Law

Information Panel Steps in to Protect Property Owners From Fraud

Court orders and executive decisions made by states’ stamp and registration departments all want such fraudulent transfer cases declared ‘null and void’.

Stacked pile of files. (Representative image) Credit: Reuters

Stacked pile of files. (Representative image) Credit: Reuters

In a significant ruling that seeks to protect the rights of genuine property owners against fraudsters, the Andhra Pradesh Information Commission has directed the Registration & Stamps Department of the Telangana government to urge the state government to issue detailed guidelines to the registration authorities for stopping fraudulent registrations. But while some states have acted to ensure that the victims of property fraud do not have to do the rounds of the courts for several years, the move only inches toward a solution. A comprehensive mechanism is needed to guard citizens against such crimes, not only in particular states but also across the country.

The direction, issued by Chief Information Commissioner M. Ratan, came on a petition by advocate Mohammad Razzak Ali Khan, who pleaded that there is an urgent need to protect the rights of genuine property holders.

Khan complained to the commission about the public information officer (PIO) – who was also commissioner and Inspector General, Registration and Stamps, Telangana – not providing him with the information he had sought about the total number of complaints received by the department regarding fraudulent registrations between January 1, 2005 to April 7, 2016. He had also asked for information on the department’s processes for addressing the grievances of fraud victims.

The commission held that while the PIO submitted an affidavit that stated that “complete information was furnished” by the office,  it also added that“no such data was available and the aggrieved person has to initiate case against the culprits”. The fact remained that “the persons who were cheated in fraudulent registrations through impersonation or other means, did not get any relief” but ended up becoming victims.

As such the commission held that the issued needed the attention of the authorities concerned. Therefore, it held that “this type of issues shall be taken under public interest”. It added that the frauds need to be “curbed forthwith” since innocent purchasers were suffering for no fault of their own.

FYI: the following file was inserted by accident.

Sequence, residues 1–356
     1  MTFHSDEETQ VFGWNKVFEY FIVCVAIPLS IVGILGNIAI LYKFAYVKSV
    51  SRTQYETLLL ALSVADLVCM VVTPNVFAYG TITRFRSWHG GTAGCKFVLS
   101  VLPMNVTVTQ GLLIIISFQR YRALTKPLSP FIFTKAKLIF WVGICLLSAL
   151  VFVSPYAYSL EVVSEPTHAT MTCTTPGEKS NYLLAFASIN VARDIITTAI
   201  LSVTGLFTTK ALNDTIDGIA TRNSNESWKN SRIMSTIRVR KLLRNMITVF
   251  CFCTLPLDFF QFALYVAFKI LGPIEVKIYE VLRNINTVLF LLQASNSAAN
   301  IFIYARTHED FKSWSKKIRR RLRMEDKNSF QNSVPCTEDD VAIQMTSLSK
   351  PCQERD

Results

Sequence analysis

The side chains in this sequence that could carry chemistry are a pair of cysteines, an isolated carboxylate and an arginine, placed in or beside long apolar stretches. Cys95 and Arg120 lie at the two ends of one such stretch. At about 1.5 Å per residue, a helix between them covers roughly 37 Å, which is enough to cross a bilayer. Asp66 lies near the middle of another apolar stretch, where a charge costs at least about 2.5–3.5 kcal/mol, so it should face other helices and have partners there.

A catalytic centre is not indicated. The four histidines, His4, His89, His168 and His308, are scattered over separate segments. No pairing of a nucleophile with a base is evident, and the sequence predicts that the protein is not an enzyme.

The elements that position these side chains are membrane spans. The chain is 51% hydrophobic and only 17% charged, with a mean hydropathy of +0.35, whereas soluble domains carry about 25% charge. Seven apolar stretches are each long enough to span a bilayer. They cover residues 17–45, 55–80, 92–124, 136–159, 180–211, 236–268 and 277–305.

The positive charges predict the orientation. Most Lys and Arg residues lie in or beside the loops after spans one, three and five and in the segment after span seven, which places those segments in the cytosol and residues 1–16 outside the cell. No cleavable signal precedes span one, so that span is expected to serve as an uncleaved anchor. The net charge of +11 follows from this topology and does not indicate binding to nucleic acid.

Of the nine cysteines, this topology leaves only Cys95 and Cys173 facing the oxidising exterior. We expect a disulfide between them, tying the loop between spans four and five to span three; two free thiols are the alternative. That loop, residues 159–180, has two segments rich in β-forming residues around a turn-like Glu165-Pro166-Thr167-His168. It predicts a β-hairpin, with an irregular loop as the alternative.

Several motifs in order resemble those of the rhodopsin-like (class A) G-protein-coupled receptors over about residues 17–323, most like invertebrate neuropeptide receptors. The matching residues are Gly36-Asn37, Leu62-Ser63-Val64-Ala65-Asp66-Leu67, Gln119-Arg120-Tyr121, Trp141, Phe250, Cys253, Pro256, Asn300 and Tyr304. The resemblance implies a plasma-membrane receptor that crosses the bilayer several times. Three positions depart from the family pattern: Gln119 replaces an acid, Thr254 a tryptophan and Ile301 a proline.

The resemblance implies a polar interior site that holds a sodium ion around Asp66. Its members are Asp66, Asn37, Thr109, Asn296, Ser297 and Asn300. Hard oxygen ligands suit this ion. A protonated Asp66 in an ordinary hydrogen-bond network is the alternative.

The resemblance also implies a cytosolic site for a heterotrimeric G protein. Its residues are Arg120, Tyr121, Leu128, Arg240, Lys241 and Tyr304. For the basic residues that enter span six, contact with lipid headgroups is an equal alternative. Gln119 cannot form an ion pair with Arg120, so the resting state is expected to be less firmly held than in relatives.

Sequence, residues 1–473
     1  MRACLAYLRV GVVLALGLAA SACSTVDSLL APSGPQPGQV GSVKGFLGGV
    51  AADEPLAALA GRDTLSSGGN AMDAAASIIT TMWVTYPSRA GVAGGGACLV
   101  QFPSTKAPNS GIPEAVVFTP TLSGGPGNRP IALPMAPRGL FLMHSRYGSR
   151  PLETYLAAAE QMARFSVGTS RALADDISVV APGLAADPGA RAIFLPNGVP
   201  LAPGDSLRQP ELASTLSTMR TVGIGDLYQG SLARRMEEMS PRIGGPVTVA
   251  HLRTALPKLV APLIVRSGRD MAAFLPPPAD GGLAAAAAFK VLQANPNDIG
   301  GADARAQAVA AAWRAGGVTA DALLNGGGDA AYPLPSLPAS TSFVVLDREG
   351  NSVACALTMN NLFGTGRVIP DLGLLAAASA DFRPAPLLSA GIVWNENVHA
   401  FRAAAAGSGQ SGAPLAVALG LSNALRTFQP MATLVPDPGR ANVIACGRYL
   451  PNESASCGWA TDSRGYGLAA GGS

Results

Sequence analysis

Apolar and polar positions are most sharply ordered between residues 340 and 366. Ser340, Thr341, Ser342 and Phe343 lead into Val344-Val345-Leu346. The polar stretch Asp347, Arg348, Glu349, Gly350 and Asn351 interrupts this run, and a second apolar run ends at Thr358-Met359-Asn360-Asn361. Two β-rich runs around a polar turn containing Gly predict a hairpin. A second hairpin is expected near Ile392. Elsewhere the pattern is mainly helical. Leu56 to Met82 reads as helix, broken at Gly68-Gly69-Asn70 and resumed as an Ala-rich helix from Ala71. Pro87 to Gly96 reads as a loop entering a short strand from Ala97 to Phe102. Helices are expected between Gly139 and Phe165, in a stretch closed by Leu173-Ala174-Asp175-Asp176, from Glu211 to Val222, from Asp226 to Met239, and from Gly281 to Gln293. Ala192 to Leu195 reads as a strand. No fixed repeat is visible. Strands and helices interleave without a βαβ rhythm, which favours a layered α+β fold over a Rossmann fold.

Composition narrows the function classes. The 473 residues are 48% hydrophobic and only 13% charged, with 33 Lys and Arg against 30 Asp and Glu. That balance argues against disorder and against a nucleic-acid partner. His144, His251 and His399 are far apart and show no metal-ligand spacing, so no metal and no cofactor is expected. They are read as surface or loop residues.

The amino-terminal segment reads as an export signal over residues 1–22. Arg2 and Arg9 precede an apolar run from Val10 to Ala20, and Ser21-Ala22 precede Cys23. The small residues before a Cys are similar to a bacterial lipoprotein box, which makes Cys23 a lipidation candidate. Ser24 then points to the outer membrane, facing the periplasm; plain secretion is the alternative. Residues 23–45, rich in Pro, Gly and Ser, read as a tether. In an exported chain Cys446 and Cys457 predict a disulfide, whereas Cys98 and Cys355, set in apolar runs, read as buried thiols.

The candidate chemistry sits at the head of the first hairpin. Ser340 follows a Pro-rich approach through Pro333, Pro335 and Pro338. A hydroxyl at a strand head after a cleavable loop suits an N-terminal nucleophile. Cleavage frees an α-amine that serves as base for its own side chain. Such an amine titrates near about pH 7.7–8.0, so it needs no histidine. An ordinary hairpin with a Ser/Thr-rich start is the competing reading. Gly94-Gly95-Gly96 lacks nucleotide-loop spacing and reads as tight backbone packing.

Ratan therefore directed that a set of detailed guidelines be issued to the registration authorities for curbing the incidence of such frauds.

Lauding the decision, Khan said “if acted upon by Telangana Government the order can help in curbing fraudulent registrations”. He said the way forward is giving innocent victims a platform to get justice without approaching the courts.

Incidentally, Khan recalled that the Tamil Nadu government had already issued a similar circular to curb the fraudulent registration of properties in 2011. The document was challenged in the Madras high court but the court upheld it citing larger public interest.

Similarly, he noted that the Delhi government had taken its cue from Tamil Nadu and issued a similar circular through its Registration and Stamp Branch. Issued in July 2016, the statement spelled out that “all such complaints of fraudulent registration received by the department have to be forwarded to the respective district registrar who shall register the same in a register of complaints relating to fraudulent registration”. All of this was to be done according to a prescribed format.

Empowered by court rulings, several states have now made it the registrars’ responsibility to act on complaints of fraudulent registrations. They have issued instructions that innocent property owners should not be made to suffer by being directed to approach courts for relief in such cases.

However, in 2013, the Gautam Budh Nagar administration in Uttar Pradesh issued instructions to the  state stamps and registration department that all cases of forgery related to the registration of land and property would be resolved by the department itself.

The idea was to ensure that the complainants did not have to approach the courts for getting relief as such cases tend to linger on for years on end. As per the instructions, a complaint against any error in the registration of a property could be made directly to the stamps department. The officials also added that the move was undertaken to reduce property-related cases in courts.

According to the guidelines contained in the order, the stamps department is fully empowered to declare a registration ‘null and void’ if it is found to be incorrect compared to the records held by the department.

The department has also been empowered to register FIRs with the police in accordance with the order, if required.

Explaining the procedure that is to be adopted for adjudicating these cases at the district level, officials said an index will be drawn up after the office received complaints from property owners. Notices will be issued to parties and witnesses in individual cases thereafter.

The order gave the department the right to declare a registration ‘null and void’ after two notices within a couple of months if the respondents failed to turn up. Such direct interventions are the need of the hour if the government wants to protect the property rights of Indian citizens.